We were at Consumers and Sis and Granny were in the produce section when, "Lesa, I need to find a bathroom." "What's wrong Granny?" "The elastic in my underwear just gave way and I'm losing my drawers." "WHAT!"" Just get me to a bathroom." As luck would have it the bathroom was just behind the aluminum produce doors. Just as my sister and Granny walked through the door into the back room Granny's panties gave way and were piled up around her ankles. To make matters worse one of the cute guys at my sister's school that she liked was standing there jaw dropped, eyes popped having just witnessed an 80 year old ladies underwear fall around her ankles. "Hey Lesa, everything ok?" "Yes, we are fine. Granny come on." "Ma'am can I help you?" As the boy was leaning down to help my Granny with her panties, she stepped out of one side and kicked them up to her hand. "No! you don't need to help me. We are just fine. Thank you." As my Granny stuffed the underwear into her purse and turned to exit, my sister was just frozen in humiliation. Not only would she have to spend the rest of the day with her Great Grandmother shopping commando, but she had just encountered a peer--a cute have a crush on you peer--who witnessed the whole debacle.

I still laugh when I think of this story. It's one of my favorite stories of all time. Incidentally, Granny's underwear kind of peeked out of her purse the rest of the shopping trip and my sister just stayed back head hung low, hoping that she would die before Monday rolled around.

I'll have more great Granny stories. Merry Christmas.

Wednesday, December 12, 2007

R.I.P my friend

My friendly, feisty, spunky, ever-present (until today) fish, Otis died today. Otis was my office fish and came to be my friend when I worked in Texas at Heritage. We had to do a unit in one of our Bible classes with fish and I bought several beta's, Otis was the only surviving one. Several of those little suckers leaped out of their containers to sudden death, kamikaze crazy fish!

Otis was special to me because he had some really cool tricks. He would flip his smooth black rocks at the side of his bowl every so often, which always got my attention. Other than swimming around and flipping rocks, he was quiet and reserved.

I'll miss my friend. Thanks, Otis, for three good years of love and support. I'll miss you.

Friday, December 7, 2007

A titch more Teensy

Well we've finally scraped up all the dried on frosting from the beating our kitchen took last Friday for Teensy's party. It was a lot of fun having many of our friends and family take the time to join us for the celebration of her first birthday. Levi and Emma both had less than spectacular first birthday's when compared to Titus' first birthday. His first birthday was literally a three ring circus. We had clowns, a ring master, decorated our church fellowship area in Texas to look like a circus, ordered custom made lollipops, and had a pinata (in Texas everyone has a pinata at their birthday, not sure why) the size of a small man (this thing stood about 4 1/2 feet tall for real). We had a lot more time and resources for Mr. T's first birthday, with Levi and Emma we just felt good about having a birthday.

Kendra made her smash cake and cupcakes for the guests, I made chili and green chili cheddar cornbread muffins. We had all the fixings to make Frito pie, too. One of my good friends from Texas, Sharon (who lurks about this blog now and then, HI Sharon!) who hails from Nebraska had never tasted or heard of a Frito pie! I couldn't believe that she had never had a Frito pie! For those of you who are deprived of this fantastic, crave-inducing delight, a Frito pie is simply corn chips, chili, and cheese layered together. Some folks put onion and peppers on, but me I like it just straight up. Corn chips, cheese, chili, more corn chips, chili, cheese. It is just fantastic. For the next several years anytime Sharon had not tried or had anything we would always say, "you've never had a Frito pie!" I'll have to post my recipe for Chili, it's really good an easy to make.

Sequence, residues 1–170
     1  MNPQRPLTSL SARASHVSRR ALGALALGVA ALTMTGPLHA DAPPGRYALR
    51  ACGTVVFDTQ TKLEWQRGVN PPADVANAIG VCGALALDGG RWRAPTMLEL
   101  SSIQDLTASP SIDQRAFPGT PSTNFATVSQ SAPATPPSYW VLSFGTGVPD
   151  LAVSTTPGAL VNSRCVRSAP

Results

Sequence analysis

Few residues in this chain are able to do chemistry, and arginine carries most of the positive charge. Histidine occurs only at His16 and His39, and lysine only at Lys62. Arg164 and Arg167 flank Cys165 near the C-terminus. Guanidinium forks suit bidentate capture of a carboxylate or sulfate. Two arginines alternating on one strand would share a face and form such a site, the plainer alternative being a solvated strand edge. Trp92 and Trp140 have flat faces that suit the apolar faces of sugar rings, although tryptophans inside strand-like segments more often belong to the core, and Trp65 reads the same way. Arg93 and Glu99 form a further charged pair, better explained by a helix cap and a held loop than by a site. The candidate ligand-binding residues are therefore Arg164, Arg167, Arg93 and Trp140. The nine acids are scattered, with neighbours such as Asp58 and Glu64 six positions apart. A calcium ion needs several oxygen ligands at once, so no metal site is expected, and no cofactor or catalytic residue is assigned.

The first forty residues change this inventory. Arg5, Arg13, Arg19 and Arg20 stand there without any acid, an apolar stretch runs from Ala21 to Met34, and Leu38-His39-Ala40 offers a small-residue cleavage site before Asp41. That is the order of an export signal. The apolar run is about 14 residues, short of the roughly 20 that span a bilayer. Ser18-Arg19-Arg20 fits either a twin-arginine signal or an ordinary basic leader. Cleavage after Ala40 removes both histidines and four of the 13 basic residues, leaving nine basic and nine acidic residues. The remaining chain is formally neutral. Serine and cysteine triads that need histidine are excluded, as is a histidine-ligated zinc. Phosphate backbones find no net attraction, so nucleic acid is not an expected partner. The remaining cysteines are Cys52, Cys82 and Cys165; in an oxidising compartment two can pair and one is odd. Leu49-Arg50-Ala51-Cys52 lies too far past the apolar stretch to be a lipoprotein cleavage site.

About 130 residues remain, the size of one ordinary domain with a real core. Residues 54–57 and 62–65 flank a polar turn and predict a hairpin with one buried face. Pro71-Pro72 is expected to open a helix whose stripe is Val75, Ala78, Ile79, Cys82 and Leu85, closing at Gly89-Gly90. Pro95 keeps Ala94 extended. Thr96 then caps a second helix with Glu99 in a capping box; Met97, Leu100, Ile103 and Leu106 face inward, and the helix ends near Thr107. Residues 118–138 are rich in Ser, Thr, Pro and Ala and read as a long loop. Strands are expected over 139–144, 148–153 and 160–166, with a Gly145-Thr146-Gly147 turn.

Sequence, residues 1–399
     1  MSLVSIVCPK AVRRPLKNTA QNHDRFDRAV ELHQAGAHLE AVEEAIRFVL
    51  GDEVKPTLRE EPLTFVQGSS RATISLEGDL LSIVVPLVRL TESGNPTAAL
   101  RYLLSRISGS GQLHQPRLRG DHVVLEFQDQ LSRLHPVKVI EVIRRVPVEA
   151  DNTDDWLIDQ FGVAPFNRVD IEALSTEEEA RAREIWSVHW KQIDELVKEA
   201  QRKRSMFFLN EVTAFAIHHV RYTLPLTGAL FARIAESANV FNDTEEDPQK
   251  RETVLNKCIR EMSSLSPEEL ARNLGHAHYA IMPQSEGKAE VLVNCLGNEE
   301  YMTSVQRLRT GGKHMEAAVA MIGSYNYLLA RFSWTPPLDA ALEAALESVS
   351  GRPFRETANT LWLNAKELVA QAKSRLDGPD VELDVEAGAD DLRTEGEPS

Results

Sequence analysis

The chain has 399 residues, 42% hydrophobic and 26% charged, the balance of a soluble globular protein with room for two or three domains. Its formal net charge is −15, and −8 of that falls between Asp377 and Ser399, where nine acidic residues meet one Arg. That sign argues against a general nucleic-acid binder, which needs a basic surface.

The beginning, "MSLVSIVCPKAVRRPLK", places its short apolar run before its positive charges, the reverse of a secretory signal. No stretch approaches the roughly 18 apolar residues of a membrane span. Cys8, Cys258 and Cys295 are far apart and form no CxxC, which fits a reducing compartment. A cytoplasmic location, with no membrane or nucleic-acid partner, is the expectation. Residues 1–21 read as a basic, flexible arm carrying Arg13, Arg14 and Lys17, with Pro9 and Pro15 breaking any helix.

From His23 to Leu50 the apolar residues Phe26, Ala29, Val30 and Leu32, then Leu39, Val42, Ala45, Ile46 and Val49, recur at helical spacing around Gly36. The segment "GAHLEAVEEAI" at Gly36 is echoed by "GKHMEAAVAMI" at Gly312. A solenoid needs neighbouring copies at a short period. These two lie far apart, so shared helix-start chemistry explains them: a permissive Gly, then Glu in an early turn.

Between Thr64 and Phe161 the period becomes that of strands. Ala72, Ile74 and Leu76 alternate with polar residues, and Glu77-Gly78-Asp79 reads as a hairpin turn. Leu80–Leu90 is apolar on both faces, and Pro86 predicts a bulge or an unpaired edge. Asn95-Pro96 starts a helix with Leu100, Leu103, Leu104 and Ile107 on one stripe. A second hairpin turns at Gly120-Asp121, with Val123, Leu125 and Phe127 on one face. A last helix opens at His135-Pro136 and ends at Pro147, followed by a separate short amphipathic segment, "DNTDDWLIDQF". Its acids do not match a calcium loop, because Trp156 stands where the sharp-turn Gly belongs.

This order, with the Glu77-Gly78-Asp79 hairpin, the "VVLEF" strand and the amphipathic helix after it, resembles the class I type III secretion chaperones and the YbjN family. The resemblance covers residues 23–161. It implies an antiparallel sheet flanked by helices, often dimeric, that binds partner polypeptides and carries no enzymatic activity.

Back to the party. Kendra is amazing to me. She can get an idea or what my Granny would call a wild hair and just pull it off. For Teensy's cake, she wanted to make fondant ribbons for each cupcake and for Teensy's smash cake. Well we've never touched fondant, worked with fondant, other than to peel it off the cake we were about to dive into at weddings. That was not going to stop my sweet wife from tackling the project. We've watched enough Ace of Cakes and Food Network challenges to have visual memories of folks working with fondant. I made the butter cream frosting for the cakes and proceeded to make the ribbons. First she tinted the fondant to the specific colors she wanted, then rolled the fondant dough out to about 1/8th of an inch. She cut the dough into 1/4 inch strips ( it looked like fettuccine noodles) and each strip was cut into 6 inch sections. She would fold each strip into a loop (to look like a tear drop). These loops she arranged on the cupcake in a circle, then placed two or three loops standing up and viola! Ribbon. It was really cool. Unfortunately, I don't have a picture of the ribbon to post at present.
Here is a close up of the decimated smash cake. Teensy pinched all you see eaten with just two tiny fingers. The above shots of her are how we present all of our children on their first birthday, waist up naked wearing a party hat. She is chewing on a fondant ribbon in each shot. The hat is made of felt, each scallop has a tiny rhinestone on it, and the plate matches the hat, as well as an ice cream bowl which will come out later. It all comes in an heirloom box to keep for years to come. The high chair is the same chair that Titus, Levi, and now Teensy all sat in for their first birthday. It has a permanent place in my sentimental obsession, we can never get rid of that chair. I will also be on a mission to persuade all of my children to have their children sit in the chair for their 1st birthday (it is ridiculous, but my genetic make-up is 80% ridiculous and 20% starch). Those little polka dots were purchased in the cake decorating section and matched the colors Kendra used for the ribbon perfectly.